Another way to express this is by saying that like a cathedral, no complex system can be achieved by a series of simple operations. Carpentry and masonry are basic processes that go into making any building, but there is an infinite variety of buildings, and they depend upon a conception of the whole before you go to work. Reductionism in science is the methodology of exploring the universe one brick and plank at a time, in discrete units. This cannot be the total story. To believe that reductionism is all we need misses the whole point.
In fact, when a physicist examines any complementary pairs, he notices that they appear to be paradoxical, since no aspect can apply under exactly the same conditions. One construct of the pair excludes the other. Today science has reached the same levels of the paradoxical that ancient seers and sages knew from personal experience. What is more paradoxical than human nature, since we are the most violent and at the same time the most compassionate of living things?
The dichotomy between what science studies (so-called objective reality) and what humans experience (anchored in subjective reality) is not fundamental – it merges into the complementary nature of existence. What we’ve called super complementarity embraces the subject and the object. The process of observing them makes both work together, even while each excludes the other. Science works from models out of a desire for closure, and excluding unwanted contradictions, as reductionism does, seems to offer it. But Nature doesn’t. Return to Notre Dame for a moment. How many ways can you observe it?
You can see it as a colossal solid mass casting a shadow and blocking out whatever stands behind it.
You can see it as a building with no particular significance except to provide shelter.
You can see it religiously as a church, or historically as an example of high Gothic architecture.
But these perspectives are only the beginning. Monet saw cathedrals as shimmering creations of light and color, with no solidity at all. The deeply religious see them as symbols of the marriage between Christ and his worshipers. Medieval pilgrims saw them as repositories of miracles, a space inhabited by God. There is no single way to view Notre Dame, and the versatility of our minds, which can choose any perspective and invent new ones, isn’t accidental. It mirrors Nature’s versatility in devising a wholeness open to every possible angle of observation.
This says that complementarity rules. There is no fruitful way to use the terms “whole” and “part” without seeing that what matters is how they relate, not what they appear to be. In complex systems, no relationship exists in the first place without a mind to create the relationship. You can build a house from field stones gathered after plowing an acre of hard New England ground. Without the concept of “house,” however, the stones aren’t building blocks.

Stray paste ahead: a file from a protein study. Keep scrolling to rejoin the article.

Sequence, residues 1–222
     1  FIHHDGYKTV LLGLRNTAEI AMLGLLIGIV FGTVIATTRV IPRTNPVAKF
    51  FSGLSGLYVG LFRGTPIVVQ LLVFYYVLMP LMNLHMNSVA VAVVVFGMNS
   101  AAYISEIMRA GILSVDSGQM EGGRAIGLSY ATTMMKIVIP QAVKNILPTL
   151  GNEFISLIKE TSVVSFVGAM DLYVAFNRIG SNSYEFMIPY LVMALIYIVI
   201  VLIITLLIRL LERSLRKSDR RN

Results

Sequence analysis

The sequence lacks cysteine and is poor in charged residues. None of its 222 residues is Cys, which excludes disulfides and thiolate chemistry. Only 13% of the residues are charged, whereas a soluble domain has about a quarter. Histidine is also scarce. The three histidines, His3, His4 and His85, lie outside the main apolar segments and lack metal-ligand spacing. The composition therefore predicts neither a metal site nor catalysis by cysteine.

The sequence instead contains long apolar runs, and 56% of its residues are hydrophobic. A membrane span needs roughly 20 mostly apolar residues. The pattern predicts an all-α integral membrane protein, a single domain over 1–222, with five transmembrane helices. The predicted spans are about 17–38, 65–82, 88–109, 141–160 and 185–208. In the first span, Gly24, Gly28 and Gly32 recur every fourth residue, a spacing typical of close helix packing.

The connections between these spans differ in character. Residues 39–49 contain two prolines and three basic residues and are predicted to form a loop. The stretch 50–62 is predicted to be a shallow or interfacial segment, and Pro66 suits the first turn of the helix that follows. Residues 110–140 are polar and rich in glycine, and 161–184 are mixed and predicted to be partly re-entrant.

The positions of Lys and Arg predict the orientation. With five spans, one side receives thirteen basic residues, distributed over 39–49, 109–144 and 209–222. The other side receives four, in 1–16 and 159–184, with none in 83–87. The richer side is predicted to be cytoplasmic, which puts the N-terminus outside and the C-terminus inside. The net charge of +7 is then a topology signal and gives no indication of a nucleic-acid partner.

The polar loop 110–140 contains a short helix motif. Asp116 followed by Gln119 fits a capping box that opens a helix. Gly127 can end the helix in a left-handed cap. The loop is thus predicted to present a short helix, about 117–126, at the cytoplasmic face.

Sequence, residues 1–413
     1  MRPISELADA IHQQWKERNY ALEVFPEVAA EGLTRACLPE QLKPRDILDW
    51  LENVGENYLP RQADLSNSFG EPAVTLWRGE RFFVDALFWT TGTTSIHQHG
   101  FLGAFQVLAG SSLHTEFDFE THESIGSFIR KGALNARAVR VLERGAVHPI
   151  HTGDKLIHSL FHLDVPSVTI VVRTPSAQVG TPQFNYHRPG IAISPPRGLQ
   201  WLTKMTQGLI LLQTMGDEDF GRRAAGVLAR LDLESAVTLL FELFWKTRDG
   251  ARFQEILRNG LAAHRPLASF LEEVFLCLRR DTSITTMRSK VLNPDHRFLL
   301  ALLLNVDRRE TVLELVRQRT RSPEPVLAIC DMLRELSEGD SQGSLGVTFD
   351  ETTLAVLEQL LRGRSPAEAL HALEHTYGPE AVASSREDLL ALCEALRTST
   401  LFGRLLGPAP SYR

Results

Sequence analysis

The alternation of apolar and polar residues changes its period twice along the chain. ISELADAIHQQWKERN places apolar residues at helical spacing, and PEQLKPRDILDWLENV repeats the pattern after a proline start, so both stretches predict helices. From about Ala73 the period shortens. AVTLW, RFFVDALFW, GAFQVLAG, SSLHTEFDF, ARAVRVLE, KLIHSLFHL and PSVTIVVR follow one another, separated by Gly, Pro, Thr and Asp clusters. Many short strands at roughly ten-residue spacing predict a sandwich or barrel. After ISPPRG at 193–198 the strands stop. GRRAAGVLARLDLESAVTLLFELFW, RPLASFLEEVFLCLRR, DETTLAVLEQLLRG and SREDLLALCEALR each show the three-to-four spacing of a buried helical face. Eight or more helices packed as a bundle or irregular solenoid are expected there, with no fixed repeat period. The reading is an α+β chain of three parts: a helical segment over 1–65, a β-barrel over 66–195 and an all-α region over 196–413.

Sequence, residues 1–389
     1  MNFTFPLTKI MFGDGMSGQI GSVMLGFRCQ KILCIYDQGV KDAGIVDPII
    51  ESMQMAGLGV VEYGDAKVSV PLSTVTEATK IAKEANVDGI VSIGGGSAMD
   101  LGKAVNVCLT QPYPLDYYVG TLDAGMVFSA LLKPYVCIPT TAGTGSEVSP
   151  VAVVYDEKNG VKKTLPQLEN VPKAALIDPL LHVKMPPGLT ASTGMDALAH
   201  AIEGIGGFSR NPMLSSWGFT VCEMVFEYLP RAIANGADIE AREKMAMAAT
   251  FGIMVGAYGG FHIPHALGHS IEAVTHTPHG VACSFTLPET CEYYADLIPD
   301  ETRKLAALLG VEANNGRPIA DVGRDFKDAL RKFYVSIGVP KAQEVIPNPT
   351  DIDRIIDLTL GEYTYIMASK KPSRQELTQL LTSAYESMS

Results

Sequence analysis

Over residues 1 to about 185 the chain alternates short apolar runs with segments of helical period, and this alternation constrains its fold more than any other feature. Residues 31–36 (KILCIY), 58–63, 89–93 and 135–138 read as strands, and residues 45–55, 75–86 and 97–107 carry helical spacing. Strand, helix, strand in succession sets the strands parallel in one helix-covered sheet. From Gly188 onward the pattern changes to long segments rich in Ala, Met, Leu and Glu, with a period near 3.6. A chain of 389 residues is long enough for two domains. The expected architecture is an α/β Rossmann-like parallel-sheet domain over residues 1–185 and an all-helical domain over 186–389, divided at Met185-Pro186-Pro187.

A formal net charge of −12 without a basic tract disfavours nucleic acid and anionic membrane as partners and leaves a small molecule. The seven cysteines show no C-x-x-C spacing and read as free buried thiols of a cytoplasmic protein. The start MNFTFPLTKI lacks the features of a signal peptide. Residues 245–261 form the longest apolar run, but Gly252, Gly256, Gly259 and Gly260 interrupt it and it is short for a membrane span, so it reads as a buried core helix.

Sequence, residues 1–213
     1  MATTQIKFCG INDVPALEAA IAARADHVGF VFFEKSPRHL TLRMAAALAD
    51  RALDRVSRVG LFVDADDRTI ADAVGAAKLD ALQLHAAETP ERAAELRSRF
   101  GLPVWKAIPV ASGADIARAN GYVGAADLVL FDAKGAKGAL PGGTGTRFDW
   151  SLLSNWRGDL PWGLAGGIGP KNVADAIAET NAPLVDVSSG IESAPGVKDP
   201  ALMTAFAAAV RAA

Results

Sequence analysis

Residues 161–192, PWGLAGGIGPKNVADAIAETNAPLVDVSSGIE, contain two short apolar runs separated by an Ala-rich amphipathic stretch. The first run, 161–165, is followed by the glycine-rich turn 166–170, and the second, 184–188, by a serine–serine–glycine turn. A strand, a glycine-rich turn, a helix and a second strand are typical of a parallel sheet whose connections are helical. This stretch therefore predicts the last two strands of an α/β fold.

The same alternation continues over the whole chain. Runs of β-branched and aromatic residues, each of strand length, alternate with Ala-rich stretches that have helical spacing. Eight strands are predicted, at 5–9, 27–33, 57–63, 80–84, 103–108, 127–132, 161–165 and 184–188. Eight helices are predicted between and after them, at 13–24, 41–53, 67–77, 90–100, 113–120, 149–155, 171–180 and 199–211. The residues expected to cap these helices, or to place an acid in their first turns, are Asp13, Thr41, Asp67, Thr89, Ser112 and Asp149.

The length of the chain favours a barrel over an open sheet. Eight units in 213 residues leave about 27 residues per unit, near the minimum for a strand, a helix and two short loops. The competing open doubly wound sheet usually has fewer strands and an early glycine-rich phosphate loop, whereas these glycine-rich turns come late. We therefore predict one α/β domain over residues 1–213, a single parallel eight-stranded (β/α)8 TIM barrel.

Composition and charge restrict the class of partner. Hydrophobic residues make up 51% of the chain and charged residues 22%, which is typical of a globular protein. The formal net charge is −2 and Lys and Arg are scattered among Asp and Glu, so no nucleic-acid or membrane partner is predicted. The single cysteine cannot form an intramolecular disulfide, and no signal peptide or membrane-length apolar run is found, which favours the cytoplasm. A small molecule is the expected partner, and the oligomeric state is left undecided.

Each concept erects a boundary around itself. (As a test, think of how many ways you can use an ordinary red brick. If you stay within the normal boundary, you might use a brick to build a wall or as a doorstop or as a weight to press dried flowers. But you can also grind the brick into a powder to tint red paint – suddenly it has lost one boundary and entered another.) Once placed inside a boundary, a thing can be understood, but since every boundary is a mental construct, the only way to reach complete understanding is either: A. Look at every possible boundary or B. Erase all the boundaries. The second path is much more fruitful. It opens you to the wonder of Notre Dame, not by adding up every narrow angle that it can be looked at from, but by envisioning the whole.
The beauty of the human mind – again mirroring Nature itself – is that it can grasp wholeness. We stand in awe before the Grand Canyon, not needing a swarm of geologists to pick away at the rocks as a means of getting there. Geology provides data; only a view of the whole provides awe. There is a profound mystery in how the mind resolves the paradoxical divisions in Nature. We’ll explore this uncanny ability in the next post. It will take us to the very heart of reality and the role that consciousness plays in turning a jumble of raw data into the richness of the world we live in.
(To be cont.)
Deepak Chopra, MD is the author of more than 70 books with twenty-one New York Times bestsellers and co-author with Rudolph Tanzi of Super Brain: Unleashing the Explosive Power of Your Mind to Maximize Health, Happiness, and Spiritual Well-being. (Harmony)
P. Murali Doraiswamy, MBBS, FRCP, Professor of Psychiatry, Duke University Medical Center, Durham, North Carolina and a leading physician scientist in the area of mental health, cognitive neuroscience and mind-body medicine.
Rudolph E. Tanzi, Ph.D., Joseph P. and Rose F. Kennedy Professor of Neurology at Harvard University, and Director of the Genetics and Aging Research Unit at Massachusetts General Hospital (MGH), co author with Deepak Chopra of Super Brain: Unleashing the Explosive Power of Your Mind to Maximize Health, Happiness, and Spiritual Well-being. (Harmony)
Neil Theise, MD, Professor, Pathology and Medicine, (Division of Digestive Diseases) Beth Israel Medical Center — Albert Einstein College of Medicine, New York.
Menas Kafatos, Ph.D., Fletcher Jones Endowed Professor in Computational Physics, Chapman University, co-author with Deepak Chopra of the forthcoming book, Who Made God and Other Cosmic Riddles. (Harmony)